Over time, as the satellite industry deregulated, Intelsat had to adjust to changing times and technology. In July 2001, through another act of Congress, the company privatized, with the intention of eventually transferring its ownership from governmental owners to public shareholders.
Intelsat is still required by federal law to issue shares to the public by June 30, 2005, although it could ask Congress to do away with that requirement, said Tony A. Trujillo Jr., chief administrative officer for Intelsat.
Scenes from the 1969 Apollo 11 moon landing were transmitted around the world by Intelsat satellites.
An Aug. 17 Business article incorrectly recounted the history of commercial satellites. Congress created Comsat in 1962 to participate in the development of a global satellite system; Intelsat was founded in 1964 as an international satellite organization.
Intelsat to Be Acquired by Consortium of Private Investors (Aug 16, 2004)
Video: Intelsat Ltd., the pioneering commercial satellite company that connected the world through global television and telephone communications, announced Monday its sale to a group of private investors for $3 billion in cash. The Post's Yuki Noguchi discusses the deal.
Inmarsat, the maritime satellite phone provider, faces a similar requirement to sell shares to the public. It already has petitioned for an exemption through the Federal Communications Commission.
The new investors will pay each of Intelsat's more than 200 shareholders $18.75 per share for a total of $3 billion. One of the biggest beneficiaries is Lockheed Martin Corp. of Bethesda, which is Intelsat's largest shareholder, with 24 percent ownership in the company. It acquired Comsat in 2000 and has been working to exit the telecommunications business since late 2001.
The next largest Intelsat shareholders are Indian telecom firm Videsh Sanchar Nigam Ltd. and France Telecom, which own about 5 percent each.
Intelsat, one of the world's largest satellite companies, generated profit of $181.1 million on revenue of $952.8 million last year.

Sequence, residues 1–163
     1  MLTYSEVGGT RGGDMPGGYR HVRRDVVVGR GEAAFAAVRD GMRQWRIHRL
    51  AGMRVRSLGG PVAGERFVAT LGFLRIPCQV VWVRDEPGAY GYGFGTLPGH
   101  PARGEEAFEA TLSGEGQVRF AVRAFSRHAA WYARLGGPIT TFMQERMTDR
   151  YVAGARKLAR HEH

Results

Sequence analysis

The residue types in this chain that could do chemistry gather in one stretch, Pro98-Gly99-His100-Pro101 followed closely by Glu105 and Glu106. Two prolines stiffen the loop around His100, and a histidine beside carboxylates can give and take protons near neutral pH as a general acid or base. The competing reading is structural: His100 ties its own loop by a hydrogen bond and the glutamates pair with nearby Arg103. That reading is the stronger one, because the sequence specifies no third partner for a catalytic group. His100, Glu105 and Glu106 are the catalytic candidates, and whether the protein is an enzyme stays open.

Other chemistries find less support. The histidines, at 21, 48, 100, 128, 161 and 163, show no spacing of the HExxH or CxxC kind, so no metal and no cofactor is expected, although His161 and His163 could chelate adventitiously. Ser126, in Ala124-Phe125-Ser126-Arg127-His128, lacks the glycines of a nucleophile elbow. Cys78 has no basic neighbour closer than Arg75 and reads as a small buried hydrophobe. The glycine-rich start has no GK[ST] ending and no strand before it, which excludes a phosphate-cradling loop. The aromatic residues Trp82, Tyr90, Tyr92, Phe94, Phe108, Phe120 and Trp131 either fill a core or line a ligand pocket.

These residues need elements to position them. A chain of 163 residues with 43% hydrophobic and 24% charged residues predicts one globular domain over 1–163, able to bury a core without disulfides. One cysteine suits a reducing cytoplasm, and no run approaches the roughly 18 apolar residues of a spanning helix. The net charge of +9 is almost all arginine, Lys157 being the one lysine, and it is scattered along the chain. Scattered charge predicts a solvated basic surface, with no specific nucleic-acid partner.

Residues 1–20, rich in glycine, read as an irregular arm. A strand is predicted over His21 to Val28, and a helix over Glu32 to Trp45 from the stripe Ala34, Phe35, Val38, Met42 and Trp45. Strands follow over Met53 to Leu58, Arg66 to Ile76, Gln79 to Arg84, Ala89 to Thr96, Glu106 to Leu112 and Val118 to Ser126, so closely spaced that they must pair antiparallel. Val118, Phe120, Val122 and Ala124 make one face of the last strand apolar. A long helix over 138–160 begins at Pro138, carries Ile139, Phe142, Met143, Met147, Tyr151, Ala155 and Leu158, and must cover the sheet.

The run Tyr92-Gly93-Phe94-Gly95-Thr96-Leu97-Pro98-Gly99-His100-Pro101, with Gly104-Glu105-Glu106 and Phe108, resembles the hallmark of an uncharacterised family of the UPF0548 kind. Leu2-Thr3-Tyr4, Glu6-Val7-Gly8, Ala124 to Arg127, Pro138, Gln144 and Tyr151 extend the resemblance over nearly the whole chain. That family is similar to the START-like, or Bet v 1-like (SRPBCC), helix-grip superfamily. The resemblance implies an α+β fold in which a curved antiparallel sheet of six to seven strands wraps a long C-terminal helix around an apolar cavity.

"We have been saying that this is an industry ripe for consolidation," said Conny L. Kullman, chief executive of Intelsat. "You have four pocketbooks here, and we'll be working with them on strategic opportunities."
Kullman said he and other members of Intelsat's management have not yet signed employment agreements with the buyers but expect to stay on for the foreseeable future.
Intelsat's board of directors unanimously approved the deal. Intelsat still needs the approval of shareholders representing at least 60 percent of its ownership, and it requires approvals from both the Federal Trade Commission and the FCC. The company said the deal could close as early as later this year.
Intelsat's new investor group outbid other investors including the Blackstone Group LP, Kohlberg Kravis Roberts & Co. (KKR), Texas Pacific Group, and Francisco Partners Management LLC, according to sources close to the deal.
Until May, Intelsat planned to sell itself by issuing shares to the public, but it delayed those plans for the third time on May 21 because management believed it could get a better deal for shareholders by negotiating a private sale.
The deal comes as private equity groups scramble to reinvest in the satellite industry. In June, New Skies Satellites NV -- a spinoff of Intelsat -- announced it would sell to Blackstone Group for $956 million. In April, Connecticut-based PanAmSat Corp. announced it sold the company to KKR for $3.3 billion in cash and the assumption of $750 million in debt, then KKR turned around and sold 54 percent of its stake to Carlyle Group and Providence Equity Partners Inc. Also, last year, Inmarsat sold to Apax and Permira, two of Intelsat's buyers.
After building too much capacity in the late 1990s, the satellite industry has consolidated some of its smaller players, and investors believe there is new demand, said Marco A. Caceres, an analyst with Teal Group Corp., a Fairfax-based consultancy. "The satellite industry is in an upswing."